tony nancy

Tony Nancy – Hot Rodding’s Swiss Army Knife

These days hot rodding and motorsports are known for their specialization. A modern street rod shop features a chassis guy, an engine guy, a metal guy, a paint guy, wiring guy, even a designer. A contemporary race team slices up responsibilities even finer – engine, dampers, aerodynamics, tires, strategy, etc. – each area overseen by one or more technicians assigned to the task.

The early days of hot rodding were far simpler. Sure, rodders had their preferred areas of expertise, but most had a basic skillset that covered the entire vehicle. Few were as accomplished as Tony Nancy, who could drive a race car with same aplomb as he could stitch upholstery or assemble a blown Hemi. He earned the moniker “The Loner,” for he could handle every job at the track, or shop, solo.

Born in 1933, Nancy was a pure Southern California kid, with a high-school diploma from Hollywood High School to prove it. From a young age he enjoyed taking mechanical objects a part, including clocks and appliances. At age 13, a trip to El Mirage to watch the lakesters run supercharged Nancy’s interest in cars.

A year later, at age 14, Nancy found employment at a local upholstery shop, where he began stitching together his skills as a trimmer. It also put $40 in his chinos, which he flipped for a ’29 Model A coupe (which he soon swapped for a roadster body). Memberships in the Throttle Merchants of West San Fernando, a Russetta Timing Association club, followed shortly thereafter.

Nancy’s later teen years, though, were marked by a bit of unruly behavior. So much so, a local police sergeant suggested he join the Marines as a corrective measure. This led to three years in the military, including a tour in Korea.

Upon his return he found work at a series of upholstery shops, including one at Hillcrest Cadillac in Hollywood. Among the dealership’s star-studded clientele was actor Clark Gable. Gable had managed to flip his Caddy coupe and brought it in to Hillcrest for repair. Nancy cleverly suggested a padded California top to hide the damage. It proved so successful that fellow Caddy owners followed suit.

By 1956, Nancy was operating his own trim shop in Sherman Oaks, where he specialized in leather upholstery for race cars. His worldview changed when a customer took him to the drags at San Fernando. He decided to join the fun, thus launching one of the most successful drag racing careers in history.

tony nancyFirst, Nancy pulled together a ’29 Model A roadster, the first of his famed 22JR cars. The bright orange machine ran on ’32 rails and was powered by a 256-inch flathead. The car set multiple class ET and top speed records, with 135-136mph runs in the high 10s.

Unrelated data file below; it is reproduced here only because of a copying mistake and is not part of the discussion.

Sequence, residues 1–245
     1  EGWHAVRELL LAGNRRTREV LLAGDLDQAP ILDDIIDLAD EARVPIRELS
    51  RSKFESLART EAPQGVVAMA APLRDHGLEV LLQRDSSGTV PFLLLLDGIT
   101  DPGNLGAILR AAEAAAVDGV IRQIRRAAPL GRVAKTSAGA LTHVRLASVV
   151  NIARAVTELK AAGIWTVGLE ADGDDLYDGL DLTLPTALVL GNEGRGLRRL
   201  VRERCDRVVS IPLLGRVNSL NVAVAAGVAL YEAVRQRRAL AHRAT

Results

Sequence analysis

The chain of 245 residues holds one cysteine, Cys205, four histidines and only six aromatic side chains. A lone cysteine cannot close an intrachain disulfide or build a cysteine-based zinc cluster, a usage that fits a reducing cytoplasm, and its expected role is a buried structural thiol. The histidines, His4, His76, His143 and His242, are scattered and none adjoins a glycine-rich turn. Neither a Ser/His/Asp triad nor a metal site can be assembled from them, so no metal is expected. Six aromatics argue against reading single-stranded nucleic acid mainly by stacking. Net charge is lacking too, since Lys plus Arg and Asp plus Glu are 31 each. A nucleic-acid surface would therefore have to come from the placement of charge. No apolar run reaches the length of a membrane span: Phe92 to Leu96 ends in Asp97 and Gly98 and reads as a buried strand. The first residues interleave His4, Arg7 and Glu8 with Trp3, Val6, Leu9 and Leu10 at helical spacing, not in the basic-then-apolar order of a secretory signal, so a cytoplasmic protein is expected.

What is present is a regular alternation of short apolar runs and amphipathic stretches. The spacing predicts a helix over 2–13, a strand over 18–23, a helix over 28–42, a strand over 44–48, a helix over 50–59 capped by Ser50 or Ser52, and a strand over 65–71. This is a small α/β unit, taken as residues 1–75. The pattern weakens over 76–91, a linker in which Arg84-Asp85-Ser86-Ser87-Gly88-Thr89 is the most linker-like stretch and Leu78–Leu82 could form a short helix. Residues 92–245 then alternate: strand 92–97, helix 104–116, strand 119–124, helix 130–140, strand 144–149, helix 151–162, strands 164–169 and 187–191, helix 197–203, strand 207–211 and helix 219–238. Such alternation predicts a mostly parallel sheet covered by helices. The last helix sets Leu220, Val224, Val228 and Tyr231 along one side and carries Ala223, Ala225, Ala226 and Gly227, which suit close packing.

In 1960 Nancy got serious. He assembled a lithe ’29 roadster on a Kent Fuller chassis and dropped in a 4-inch-stroked Buick 450c.i. Nailhead. It set class records immediately, including a record run of 138mph on gas. Just as importantly, the car was feted on the cover of Hot Rod magazine.

It would take several Legend columns to detail all of Nancy’s standout quarter-mile masterpieces that followed, from his early 22JR roadster through his dragsters. Here’s a few of the more noteworthy cars:

• His most famous 22JR roadster was the 169mph ’23 T he debuted in 1962: Kent Fuller frame. 6-71-blown Buick, Lincoln Matador Red paint, striping by Dean Jeffries. At 1,340 pounds, it was actually too light for NHRA A/Modified Roadster competition, but that didn’t stop Tony.

• At the 1963 Winternationals, Nancy took home the NHRA Competition Eliminator title in another 23-T modified roadster, this one powered by a blown and injected Plymouth Wedge V8.

tony nancyNancy also won Best Engineered car at the ’63 Winternats with his first dragster, a Top Gas wedge-powered rail that was such a “rocket,” he held the Drag News No. 1 spot for nearly a year.

• Nancy went became a pioneer in rear-engined dragsters with his Wedge and Wedge II AA/GD fully enclosed rails built between 1963-1965. The first Max Wedge ran a 482c.i. Plymouth and turned 187.00mph.

• By 1967, Tony’s AA/gas dragster, with a blown Oldsmobile, was a regular winner, showing a best of 6.32 seconds at 218mph. Top Fuel called in 1970. Nancy blew away a 32-car field to win that year’s Bakersfield U.S. Fuel and Gas Championships with a 6.75/321.36 run.

By the mid-1970s, Tony Nancy was dominant, combining his skills as a driver and builder with formidable sponsors like Revell and tony nancyWynn’s. He often quipped that he’d set at least one record or Drag News 1320 mark in every class in which he competed.

Tony Nancy retired after the 1976 March Meet to focus on his upholstery business, which brought him back to doing work for Hollywood personalities like James Garner, Steve McQueen, and Burt Reynolds. He also squeezed in work as a stunt driver and raced for McQueen in the Baja 1000 with Don Prudhomme as co-driver and piloted a streamliner at Bonneville to join the 200mph club.

Tony Nancy was well regarded by his peers. He received a Lifetime Achievement Award at the 1997 California Hot Rod Reunion, and he was named Grand Marshall for the Goodguys 44th March Meet in 2003 at Famoso Raceway. He passed way in November 2004, but not before cementing his stature as a true legend of hot rodding.

Gary Medley has been a friend, ally and contributor to the performance community for decades. His interest in cars and journalism was pretty much a genetic imperative, as he is the son of Tom Medley, creator of Stroker McGurk. Medley’s own career path has traveled from the halls of Petersen Publishing to PR director for an Indy Car race to pitching tight-fitting Italian-made cycling shorts and countless other forms of high-speed life. Living between two volcanoes in Hood River, Oregon, Medley will be a regular Fuel Curve contributor when he’s not working to sustain his father’s legacy.